But the flip side of the anti-foreigner rhetoric is: “If you can’t beat them, join them.” It’s this philosophy that saw Japan allied to the world’s foremost imperial and naval power, and halting the expansion of the Russian Empire, less than 60 years after Perry sailed into Tokyo Bay.

  2. Dang, I always tell my wife that the one thing the North Atlantic powers (great name, by the way, I just call them the Goddamn Foreigners) did that REALLY pissed me off was the destruction of the Yuanmingyuan (I know, I know, what about the evils of imperialism et al.? Whatever, the Yuanmingyuan was pimpin’). The Forbidden Palace is just so… stodgy The Yuanmingyuan was the greatest architectural achievement of the Qing (or so I have been led to believe). Goddamn Foreigners…

    And yes, my wife thinks I am crazy when I tell her this. The historian in me hates to see books, libraries, or cool buildings willfully destroyed. What can I say?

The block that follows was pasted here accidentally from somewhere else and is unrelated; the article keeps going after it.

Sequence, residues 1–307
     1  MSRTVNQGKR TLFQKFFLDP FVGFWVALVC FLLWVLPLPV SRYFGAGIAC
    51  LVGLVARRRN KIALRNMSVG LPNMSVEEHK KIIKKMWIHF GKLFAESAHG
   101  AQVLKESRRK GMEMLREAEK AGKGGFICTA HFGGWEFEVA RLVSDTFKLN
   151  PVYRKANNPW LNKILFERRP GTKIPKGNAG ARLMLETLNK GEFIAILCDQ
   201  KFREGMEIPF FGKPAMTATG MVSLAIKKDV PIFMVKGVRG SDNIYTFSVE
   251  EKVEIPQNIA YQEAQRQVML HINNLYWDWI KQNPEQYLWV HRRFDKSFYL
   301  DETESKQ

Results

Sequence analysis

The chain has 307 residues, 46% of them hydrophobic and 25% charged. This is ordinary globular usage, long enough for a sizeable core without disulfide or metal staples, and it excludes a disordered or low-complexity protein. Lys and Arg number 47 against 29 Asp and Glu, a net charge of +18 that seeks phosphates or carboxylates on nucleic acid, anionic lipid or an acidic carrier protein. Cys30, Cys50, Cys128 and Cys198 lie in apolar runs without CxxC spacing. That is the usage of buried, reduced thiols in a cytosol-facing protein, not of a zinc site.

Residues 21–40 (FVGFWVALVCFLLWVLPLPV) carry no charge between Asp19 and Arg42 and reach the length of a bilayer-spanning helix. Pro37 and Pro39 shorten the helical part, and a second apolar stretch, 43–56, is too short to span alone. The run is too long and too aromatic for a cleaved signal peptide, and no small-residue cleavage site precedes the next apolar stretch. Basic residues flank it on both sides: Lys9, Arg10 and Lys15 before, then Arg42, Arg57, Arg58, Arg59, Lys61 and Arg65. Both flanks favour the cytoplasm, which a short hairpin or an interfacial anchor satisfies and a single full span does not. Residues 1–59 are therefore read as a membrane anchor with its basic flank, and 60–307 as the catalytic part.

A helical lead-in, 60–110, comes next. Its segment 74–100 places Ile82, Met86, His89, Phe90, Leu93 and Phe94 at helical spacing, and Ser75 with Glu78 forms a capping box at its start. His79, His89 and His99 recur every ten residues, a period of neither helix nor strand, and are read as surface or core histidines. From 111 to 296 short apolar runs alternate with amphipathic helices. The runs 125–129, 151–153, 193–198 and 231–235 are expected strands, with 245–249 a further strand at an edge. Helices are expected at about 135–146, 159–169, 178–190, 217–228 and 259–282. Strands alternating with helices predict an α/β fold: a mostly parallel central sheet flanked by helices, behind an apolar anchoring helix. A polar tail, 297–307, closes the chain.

As per your point about history and patriotism, fair enough, but could you go into (and I know how vague this sounds) what general Chinese education teaches about the Yuanmingyuan? Was it just a continuation of the century of humiliation or was it something special? I love that you pointed out the connection between the Sepoy Mutiny, which is something that really changed how the British in particular viewed colonialism (and one could argue that British indirect rule was developed solely as a response to India), but is there a sense of what the British wanted from China prior to the Mutiny? Did they want another India (I never thought they did), or a puppet-state?

    Also, did you come across any material about various reactions to the North Atlantic army? I remember vividly that this one dude was cheering on the North Atlantic peeps to get rid of the ‘foreigners’ (the Manchu). Bring back the Ming, and all that, I guess.